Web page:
Common Lambsquarters is a broadleaf summer-annual weed that can be found anyplace the soil has been disturbed. The growth habits of the common lambsquarters vary with its location. If growing along the road or in an open field, it may reach three or four feet in height. Yet those plants found in lawns may produce seeds when only a couple of inches tall. Lambsquarters prefer rich soil and are often found in vegetable gardens.
The first two true leaves that appear are opposite and ovate with smooth edges. Later leaves are alternate, arrowhead-shaped and with unevenly-toothed edges. At the top of the plant, the leaves become long and narrow. All of the leaves are pale green and covered with white, mealy granules that give the appearance of frost. Stems are erect and often have light-green or red lines.
Flowers are small, inconspicuous, yellow-green, and occur in clusters at the tips of branches and upper leaf axils. These flowers occur from July to September. Black seeds are contained in an utricle by a thin papery covering.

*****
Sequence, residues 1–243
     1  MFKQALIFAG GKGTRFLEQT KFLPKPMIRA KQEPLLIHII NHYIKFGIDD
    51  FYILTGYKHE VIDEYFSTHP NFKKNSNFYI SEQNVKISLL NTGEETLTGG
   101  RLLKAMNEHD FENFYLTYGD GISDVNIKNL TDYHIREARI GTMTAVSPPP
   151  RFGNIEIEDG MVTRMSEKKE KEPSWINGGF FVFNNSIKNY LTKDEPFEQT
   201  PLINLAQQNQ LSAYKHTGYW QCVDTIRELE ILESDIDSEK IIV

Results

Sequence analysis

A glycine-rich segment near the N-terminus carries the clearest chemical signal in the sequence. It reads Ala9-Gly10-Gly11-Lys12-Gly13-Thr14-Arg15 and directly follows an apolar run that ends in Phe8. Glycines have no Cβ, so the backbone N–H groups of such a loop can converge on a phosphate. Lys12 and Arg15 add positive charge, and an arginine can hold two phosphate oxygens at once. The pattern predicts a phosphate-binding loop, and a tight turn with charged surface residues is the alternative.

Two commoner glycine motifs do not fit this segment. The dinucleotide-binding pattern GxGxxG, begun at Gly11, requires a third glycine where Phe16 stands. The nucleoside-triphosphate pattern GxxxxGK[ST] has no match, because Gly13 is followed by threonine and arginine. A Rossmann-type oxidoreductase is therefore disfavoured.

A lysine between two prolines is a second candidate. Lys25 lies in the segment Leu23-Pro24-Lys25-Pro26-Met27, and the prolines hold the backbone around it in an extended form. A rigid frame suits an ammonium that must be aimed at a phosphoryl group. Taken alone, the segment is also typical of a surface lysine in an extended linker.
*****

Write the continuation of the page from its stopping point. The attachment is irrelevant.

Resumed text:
ControlThe best methods of weed control in the home vegetable garden are mulching, handpulling, rototilling, hoeing and preventing the weeds from going to seed. Because of its short, branched taproot, lambsquarters can be easily hand-pulled from moist soil.
Prevention by use of good cultural habits should be the first line of defense in eliminating broadleaf weeds such as lambsquarters from lawns. Pre-emergent herbicides such as trifluralin (Preen) can be used to prevent germination of weed seeds. Post-emergent herbicides effective against broadleaf weeds are 2,4-D, MCPP and dicamba (sold under many brand names) and combination formulas (Trimec). Read labels to be sure the herbicide is effective against the weeds you want to eliminate and follow the directions carefully.
Photos: Judy Sedbrook
© CSU/Denver County Extension Master Gardener 2010
888 E. Iliff Avenue, Denver, CO 80210
Date last revised: 01/05/2010